Marketing lessons by example:
Cafe Coffee Day (CCD), known for its relaxed atmosphere, where you can have long, leisurely conversations over some coffee, has made some very illogical choices about its store locations.
I remember seeing a CCD at Essel World. I wondered, how many people may go to Essel World to have a leisurely conversation?
I saw some other CCDs on highways. Again, people stopping on highway to have a quick snack and beverage don’t really have that luxury or inclination of having relaxed conversations over coffee.
In my opinion, it is a marketing mistake. Location is the most important criteria for such outlets. The almost always deserted outlets at such places prove the point,
CCD must try to be where its customers may need it, and not everywhere.
An amusement park and a humming highway are the most unlikely places its customers may be looking for a CCD.
What do you have to say?
The following are the reasons behind the ridiculously high prices of food items inside multiplexes and theaters.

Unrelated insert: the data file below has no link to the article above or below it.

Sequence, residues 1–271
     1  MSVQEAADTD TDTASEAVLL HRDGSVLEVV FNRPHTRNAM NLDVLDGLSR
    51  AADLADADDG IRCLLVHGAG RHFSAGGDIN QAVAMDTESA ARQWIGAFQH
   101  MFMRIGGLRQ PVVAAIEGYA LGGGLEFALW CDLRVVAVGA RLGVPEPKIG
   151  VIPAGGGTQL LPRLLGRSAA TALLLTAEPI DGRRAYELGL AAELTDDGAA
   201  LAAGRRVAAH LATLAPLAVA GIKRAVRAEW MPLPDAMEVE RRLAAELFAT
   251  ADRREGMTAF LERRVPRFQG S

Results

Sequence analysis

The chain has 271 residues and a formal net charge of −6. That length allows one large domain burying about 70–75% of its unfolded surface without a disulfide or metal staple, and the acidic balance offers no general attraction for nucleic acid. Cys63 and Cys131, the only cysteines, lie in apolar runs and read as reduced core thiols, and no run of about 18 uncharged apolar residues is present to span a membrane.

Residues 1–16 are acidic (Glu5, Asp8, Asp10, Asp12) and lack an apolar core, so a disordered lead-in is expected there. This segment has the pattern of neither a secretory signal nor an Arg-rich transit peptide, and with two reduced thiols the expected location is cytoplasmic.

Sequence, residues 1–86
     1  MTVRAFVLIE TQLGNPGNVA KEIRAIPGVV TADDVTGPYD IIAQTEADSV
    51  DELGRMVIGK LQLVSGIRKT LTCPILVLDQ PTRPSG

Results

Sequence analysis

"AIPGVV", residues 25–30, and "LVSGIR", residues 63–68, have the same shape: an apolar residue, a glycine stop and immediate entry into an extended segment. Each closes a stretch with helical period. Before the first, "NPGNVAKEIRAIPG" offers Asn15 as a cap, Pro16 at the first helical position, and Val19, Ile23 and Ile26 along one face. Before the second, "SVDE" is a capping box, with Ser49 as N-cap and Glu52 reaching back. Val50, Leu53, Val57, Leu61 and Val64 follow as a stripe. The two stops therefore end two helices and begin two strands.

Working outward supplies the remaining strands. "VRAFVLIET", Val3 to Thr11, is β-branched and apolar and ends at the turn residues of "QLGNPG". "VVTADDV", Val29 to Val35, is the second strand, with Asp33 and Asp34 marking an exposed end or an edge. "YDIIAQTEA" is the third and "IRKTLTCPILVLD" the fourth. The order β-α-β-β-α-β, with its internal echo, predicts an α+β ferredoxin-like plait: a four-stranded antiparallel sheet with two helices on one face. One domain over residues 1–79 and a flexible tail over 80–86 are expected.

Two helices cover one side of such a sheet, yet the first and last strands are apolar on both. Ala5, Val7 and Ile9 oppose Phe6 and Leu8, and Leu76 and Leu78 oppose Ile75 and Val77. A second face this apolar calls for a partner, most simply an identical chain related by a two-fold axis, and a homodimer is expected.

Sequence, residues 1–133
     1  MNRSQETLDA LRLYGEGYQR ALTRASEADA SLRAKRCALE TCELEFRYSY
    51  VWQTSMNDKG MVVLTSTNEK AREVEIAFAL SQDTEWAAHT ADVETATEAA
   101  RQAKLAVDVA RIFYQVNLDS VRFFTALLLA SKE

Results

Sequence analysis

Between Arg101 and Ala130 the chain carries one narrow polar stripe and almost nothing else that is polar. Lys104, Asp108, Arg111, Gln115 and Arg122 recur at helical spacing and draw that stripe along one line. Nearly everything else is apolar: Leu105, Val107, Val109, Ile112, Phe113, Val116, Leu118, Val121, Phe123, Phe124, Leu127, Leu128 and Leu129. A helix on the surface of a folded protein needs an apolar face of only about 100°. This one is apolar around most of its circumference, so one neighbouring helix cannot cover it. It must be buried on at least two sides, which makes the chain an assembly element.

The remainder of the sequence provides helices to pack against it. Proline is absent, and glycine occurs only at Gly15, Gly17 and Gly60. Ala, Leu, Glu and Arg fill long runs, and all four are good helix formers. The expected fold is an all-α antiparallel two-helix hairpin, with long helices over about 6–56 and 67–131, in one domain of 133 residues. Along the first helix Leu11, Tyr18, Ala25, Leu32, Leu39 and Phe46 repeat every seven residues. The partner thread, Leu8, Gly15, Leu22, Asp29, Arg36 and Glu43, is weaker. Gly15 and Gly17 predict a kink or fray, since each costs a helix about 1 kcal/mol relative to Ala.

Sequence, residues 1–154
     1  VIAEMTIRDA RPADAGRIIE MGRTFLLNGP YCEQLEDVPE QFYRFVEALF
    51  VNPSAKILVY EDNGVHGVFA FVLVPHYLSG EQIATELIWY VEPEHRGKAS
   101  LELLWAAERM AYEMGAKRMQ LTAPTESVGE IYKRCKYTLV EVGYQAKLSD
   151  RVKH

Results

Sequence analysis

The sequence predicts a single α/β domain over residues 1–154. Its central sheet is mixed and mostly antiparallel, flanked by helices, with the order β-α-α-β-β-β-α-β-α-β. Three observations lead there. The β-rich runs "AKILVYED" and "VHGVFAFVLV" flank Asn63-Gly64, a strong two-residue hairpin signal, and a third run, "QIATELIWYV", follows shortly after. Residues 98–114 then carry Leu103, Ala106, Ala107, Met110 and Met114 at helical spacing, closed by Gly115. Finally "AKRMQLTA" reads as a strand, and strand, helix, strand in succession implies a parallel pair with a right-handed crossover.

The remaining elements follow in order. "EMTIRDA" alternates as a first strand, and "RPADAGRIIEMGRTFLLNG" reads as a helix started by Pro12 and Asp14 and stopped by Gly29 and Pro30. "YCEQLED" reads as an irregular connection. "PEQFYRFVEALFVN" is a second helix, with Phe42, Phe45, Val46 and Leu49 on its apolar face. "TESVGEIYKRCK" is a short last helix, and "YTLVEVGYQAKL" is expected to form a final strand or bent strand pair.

1) The charge is not for the food, it is for WHERE you buy them. Popcorn priced at Rs 5 at railway stations, suddenly becomes worth Rs 50, because the customers who come there are believed to be the ones who don’t look at the price. The multiplex owners understand that the people who can pay Rs 300-400 for a movie ticket won’t mind paying few hundred rupees for snacks. This is based on the understanding of consumer behavior.
2) The prices of the movie ticket and the snacks in the multiplexes are also kept high to encourage only those customers who can pay that much.
It is an example of market segmentation.
3) The business model of multiplexes includes sale of food and beverages as a revenue source. Generally, this is outsourced to some third party contractors. These contractors have to pay very heavy charges to the multiplex owners for getting a space inside the multiplex, so they have to recover it from their sales, leading to exorbitant prices.
4) In the long run, the illogically high prices of food and beverages (and also the movie tickets) lead to customers looking for alternatives. Till there is no competition, the mutliplexes may get away with such loot. Once, they face competition, they may come down on the earth.
5) People go to movies not very often. So they may ignore such discrepancies in prices because it affects them very rarely. So, the price burden gets distributed among a large number of customers.
The prices will remain high, till there are customers who are ready to pay. This is market economy. It is ruled by demand and supply.